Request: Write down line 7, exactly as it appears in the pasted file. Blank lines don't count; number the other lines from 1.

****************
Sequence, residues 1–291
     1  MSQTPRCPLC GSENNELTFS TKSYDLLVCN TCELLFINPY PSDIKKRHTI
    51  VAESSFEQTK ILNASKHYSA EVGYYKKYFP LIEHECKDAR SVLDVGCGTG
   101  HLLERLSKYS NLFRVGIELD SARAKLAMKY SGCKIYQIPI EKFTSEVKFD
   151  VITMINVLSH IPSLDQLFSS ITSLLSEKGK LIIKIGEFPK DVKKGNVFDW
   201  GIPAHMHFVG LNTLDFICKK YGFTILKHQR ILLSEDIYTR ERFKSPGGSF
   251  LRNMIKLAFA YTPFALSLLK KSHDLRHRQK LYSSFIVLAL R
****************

   251  LRNMIKLAFA YTPFALSLLK KSHDLRHRQK LYSSFIVLAL R